Virtue: “behaviour showing high moral standards”; “goodness”; “integrity”; etc.
The Cardinal Virtues: prudence, justice, fortitude, and temperance.
Socrates: “Virtue is the nursing-mother of all human pleasures, who, in rendering the just, renders them also pure and permanent; in moderating them, keeps them in breath and appetite; in interdicting those which she herself refuses, whets our desires to those that she allows; and, like a kind of liberal mother, abundantly allows all that nature requires, even to satiety, if not to lassitude.”
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In an age of the ‘selfie’, is ‘Virtue’ relevant? How do we ‘jive’ the two extremes? Is
virtue observable? Identifiable? Is there ‘time’ for it? Or is there no ‘time’ for it? Is it pragmatic? Or is it simply an esoteric notion, a lost cause which disappeared with ‘slower’ times; with the heroism and, in some cases, asceticism, of the ancient Greeks, for example?
Does ‘Virtue’ not rest, fundamentally, upon, at the very least, some fundamental self-knowledge? And, to this end, are we living in an age of conditions favourable to self-knowledge? How would we know?
Furthermore, why would anyone wish to invest in the cultivation of ‘virtue, with its painstaking consumption of focus, time and effort, fighting the unpropitious current of today’s fast-track world? Surely one would have to become a hermit or retire to a monastery to be able to do so. Or is there a way within today’s global village to practice virtue without withdrawing from society? And would it be convenient to pursue a life of virtue? Or must the notion of virtue remain a concept belonging to ‘nobler’ times? To an age, such as the Golden Age of Greece, wherein feats of strength, honour, integrity, nobility were sought with apparent alacrity; and to an age in which virtue was the most highly-acclaimed ‘prize’, the most sought-after state desireable for human achievement.
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Let us consider the pursuit of virtue:
If “Virtue is its own reward” (Sir John Vanbrugh), then it follows that the effort to acquire and maintain virtue is one from which we all benefit, individually and collectively as a society, a culture. Nevertheless, the concept of virtue carries with it a sense of the erstwhile, for reasons as lengthy as the passage of time itself; and as this word has traveled through time from the ancients to modernity, so has its meaning
evolved from its original denotative meaning to its numerous connotations resembling
a prismatic kaleidoscope. But most definitions and various writings suggest the desireability of the virtuous act, the virtuous state, as of some holy writ. And yet, we might do well to ponder the question: is virtue worthy of the effort required in its acquisition and maintenance…?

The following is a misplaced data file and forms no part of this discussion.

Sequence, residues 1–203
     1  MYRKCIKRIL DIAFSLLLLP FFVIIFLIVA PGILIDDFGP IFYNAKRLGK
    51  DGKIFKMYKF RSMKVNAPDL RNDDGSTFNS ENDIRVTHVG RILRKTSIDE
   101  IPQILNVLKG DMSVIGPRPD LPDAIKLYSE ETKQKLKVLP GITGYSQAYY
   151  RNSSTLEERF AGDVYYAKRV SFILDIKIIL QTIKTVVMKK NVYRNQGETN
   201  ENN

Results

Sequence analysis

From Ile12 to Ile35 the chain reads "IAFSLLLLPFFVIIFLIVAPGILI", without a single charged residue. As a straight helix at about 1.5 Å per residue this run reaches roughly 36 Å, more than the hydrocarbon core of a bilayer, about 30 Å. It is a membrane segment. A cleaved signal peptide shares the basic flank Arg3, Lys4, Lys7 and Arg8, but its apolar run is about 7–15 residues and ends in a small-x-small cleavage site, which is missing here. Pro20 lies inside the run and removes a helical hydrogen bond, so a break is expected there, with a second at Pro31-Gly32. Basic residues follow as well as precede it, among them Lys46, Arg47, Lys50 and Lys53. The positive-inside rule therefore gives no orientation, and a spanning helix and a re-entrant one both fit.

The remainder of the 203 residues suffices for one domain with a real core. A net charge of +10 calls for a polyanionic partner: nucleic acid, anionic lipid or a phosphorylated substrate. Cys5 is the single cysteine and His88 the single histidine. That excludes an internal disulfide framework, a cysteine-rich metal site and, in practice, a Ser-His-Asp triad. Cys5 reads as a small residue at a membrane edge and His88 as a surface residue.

Well, the response “Yes!” would seem to be natural enough if, as says Vanbrugh: “There’s pleasure in doing good which sufficiently pays itself…”, until one rotates the kaleidoscope to realize the further ironical consequence that, while “Virtue is its own reward, and brings with it the truest and highest pleasure; but if we cultivate it only for pleasure's sake, we are selfish, not religious, and will never gain the pleasure, because we can never have the virtue.” (John Henry Newman)
The preceding is just one of the possible prismatic shifts in trying to embrace the desireability one might invest in trying to live the virtuous life: from Vanbrugh’s pragmatism to Newman’s religiosity. And where does that leave us? I would suggest that there is a philosophically spiritual ground somewhere between pragmatism and religion which is most appropriate for the times in which we live and for the purposes of our discussion, and that a review of some, if not all, of the innumerable thinkers and their writings on ‘virtue’ act as a springboard for an understanding of this subject.
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Which definition(s) and/or description(s) resonates most with you? Let us consider a few of the thousands of thoughts upon the nature of virtue:
Socrates: Virtue is the beauty of the soul.
Voltaire: Heaven made virtue; man, the appearance.
Emerson: The only reward of virtue is virtue.
Plautus: He who dies for virtue does not perish.
Plato: Virtue is voluntary; vice involuntary
Montesquiue: Virtue is necessary to a republic.
Carlyle: Virtue is, like health, the harmony of the whole man.
Addison: Sweet are the slumbers of the virtuous man (woman).
Horace: I wrap myself up in my virtue.